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J Gerontol A Biol Sci Med Sci. 2001 May;56(5):B191-7.

Specific force deficit in skeletal muscles of old rats is partially explained by the existence of denervated muscle fibers.

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  • 1Division of Plastic and Reconstructive Surgery, Department of Surgery, University of Michigan, Ann Arbor, 48109-0340, USA.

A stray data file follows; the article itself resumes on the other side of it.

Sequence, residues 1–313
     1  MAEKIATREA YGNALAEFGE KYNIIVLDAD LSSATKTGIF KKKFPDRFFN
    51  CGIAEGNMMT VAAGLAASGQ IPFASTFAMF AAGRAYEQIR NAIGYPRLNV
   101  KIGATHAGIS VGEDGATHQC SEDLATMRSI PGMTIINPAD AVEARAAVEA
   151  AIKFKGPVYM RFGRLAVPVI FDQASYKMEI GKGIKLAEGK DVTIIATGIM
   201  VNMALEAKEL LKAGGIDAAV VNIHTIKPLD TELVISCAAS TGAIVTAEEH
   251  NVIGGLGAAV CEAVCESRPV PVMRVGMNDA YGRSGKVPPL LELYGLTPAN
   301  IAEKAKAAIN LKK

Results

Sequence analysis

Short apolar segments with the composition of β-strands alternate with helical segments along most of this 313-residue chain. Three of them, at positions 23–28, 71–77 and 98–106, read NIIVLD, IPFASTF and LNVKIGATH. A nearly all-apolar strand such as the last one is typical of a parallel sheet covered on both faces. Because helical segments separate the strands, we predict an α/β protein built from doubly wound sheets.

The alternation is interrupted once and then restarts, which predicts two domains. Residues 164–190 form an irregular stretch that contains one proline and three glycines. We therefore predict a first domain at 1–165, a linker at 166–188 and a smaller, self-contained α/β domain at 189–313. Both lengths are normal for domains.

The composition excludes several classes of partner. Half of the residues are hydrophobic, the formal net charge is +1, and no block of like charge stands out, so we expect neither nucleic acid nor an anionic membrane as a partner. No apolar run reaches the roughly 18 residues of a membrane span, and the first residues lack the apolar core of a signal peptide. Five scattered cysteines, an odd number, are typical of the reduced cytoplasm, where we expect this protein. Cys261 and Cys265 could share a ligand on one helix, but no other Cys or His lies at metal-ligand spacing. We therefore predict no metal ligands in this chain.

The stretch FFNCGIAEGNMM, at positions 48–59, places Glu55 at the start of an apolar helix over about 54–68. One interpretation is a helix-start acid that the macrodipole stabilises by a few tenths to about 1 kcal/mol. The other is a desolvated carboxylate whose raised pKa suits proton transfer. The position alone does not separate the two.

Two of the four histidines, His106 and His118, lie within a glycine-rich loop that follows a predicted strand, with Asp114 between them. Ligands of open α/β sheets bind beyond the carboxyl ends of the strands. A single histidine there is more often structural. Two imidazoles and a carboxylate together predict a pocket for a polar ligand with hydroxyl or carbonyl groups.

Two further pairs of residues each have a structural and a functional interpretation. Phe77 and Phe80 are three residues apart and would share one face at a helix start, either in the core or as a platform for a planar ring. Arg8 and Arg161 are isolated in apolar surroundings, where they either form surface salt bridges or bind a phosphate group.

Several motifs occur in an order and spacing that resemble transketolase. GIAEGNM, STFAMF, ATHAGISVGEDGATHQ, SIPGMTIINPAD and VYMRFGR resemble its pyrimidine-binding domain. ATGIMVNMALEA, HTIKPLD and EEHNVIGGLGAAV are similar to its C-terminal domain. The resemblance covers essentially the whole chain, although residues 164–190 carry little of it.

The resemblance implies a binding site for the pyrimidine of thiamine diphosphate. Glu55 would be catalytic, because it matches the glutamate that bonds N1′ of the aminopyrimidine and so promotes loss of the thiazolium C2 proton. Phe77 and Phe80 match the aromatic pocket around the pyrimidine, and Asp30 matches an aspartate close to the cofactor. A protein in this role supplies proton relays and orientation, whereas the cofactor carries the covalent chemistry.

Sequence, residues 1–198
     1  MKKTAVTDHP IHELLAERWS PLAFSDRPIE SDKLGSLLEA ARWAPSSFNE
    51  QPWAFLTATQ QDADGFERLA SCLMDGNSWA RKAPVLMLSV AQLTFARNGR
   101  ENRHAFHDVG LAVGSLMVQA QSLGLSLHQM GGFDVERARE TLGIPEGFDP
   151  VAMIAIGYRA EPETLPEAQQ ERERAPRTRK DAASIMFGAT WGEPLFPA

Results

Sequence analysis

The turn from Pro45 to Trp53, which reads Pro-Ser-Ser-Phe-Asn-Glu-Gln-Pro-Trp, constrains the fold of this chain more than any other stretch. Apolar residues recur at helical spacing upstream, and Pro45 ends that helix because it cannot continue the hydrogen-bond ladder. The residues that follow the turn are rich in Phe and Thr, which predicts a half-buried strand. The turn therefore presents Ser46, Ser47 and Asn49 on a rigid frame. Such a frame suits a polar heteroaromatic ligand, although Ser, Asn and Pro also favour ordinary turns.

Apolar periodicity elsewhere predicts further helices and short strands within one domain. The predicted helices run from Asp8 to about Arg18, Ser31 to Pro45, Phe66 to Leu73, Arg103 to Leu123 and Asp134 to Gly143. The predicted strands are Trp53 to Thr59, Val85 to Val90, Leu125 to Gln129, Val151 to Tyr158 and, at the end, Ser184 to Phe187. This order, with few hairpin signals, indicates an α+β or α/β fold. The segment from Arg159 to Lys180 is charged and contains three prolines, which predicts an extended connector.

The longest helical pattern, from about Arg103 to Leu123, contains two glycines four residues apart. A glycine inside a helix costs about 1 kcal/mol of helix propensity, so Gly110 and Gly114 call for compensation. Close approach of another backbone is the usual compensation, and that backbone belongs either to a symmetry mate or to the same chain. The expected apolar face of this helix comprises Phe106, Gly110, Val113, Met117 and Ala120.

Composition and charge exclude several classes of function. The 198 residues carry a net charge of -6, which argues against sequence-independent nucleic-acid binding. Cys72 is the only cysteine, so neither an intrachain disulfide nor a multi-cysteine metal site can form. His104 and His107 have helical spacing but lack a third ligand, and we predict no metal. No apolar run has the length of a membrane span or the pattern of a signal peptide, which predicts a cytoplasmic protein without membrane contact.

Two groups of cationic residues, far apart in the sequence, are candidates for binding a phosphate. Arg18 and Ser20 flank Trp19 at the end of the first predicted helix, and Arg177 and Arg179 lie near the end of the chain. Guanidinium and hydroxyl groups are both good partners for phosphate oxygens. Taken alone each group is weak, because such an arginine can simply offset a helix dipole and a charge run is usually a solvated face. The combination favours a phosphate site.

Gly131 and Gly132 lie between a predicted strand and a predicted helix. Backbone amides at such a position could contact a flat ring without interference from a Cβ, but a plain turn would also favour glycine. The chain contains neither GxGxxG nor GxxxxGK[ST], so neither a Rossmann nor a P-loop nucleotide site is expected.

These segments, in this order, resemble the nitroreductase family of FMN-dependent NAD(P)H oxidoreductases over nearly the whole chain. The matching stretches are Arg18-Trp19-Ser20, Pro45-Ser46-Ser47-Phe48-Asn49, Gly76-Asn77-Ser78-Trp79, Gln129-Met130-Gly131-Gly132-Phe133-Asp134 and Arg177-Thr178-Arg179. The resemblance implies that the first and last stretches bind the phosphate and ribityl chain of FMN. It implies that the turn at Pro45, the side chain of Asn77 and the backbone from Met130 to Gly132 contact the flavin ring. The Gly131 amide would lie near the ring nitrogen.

We tested the hypothesis that denervated muscle fibers account for part of the specific force (sF(o)) deficit observed in muscles from old adult (OA) mammals. Whole muscle force (F(o)) was quantified for extensor digitorum longus (EDL) muscles of OA and young adult (YA) rats. EDL muscle sF(o) was calculated by dividing F(o) by either total muscle fiber cross-sectional area (CSA) or by innervated fiber CSA. Innervated fiber CSA was estimated from EDL muscle cross sections labeled for neural cell adhesion molecules, whose presence is a marker for muscle fiber denervation. EDL muscles from OA rats contained significantly more denervated fibers than muscles from YA rats (5.6% vs 1.1% of total CSA). When compared with YA muscle, OA muscle demonstrated deficits of 34.1% for F(o), 28.3% for sF(o), and 24.9% for sF(o) calculated by using innervated CSA as the denominator. Denervated muscle fibers accounted for 11.3% of the specific force difference between normal YA and OA skeletal muscle. Other mechanisms in addition to denervation account for the majority of the sF(o) deficit with aging.

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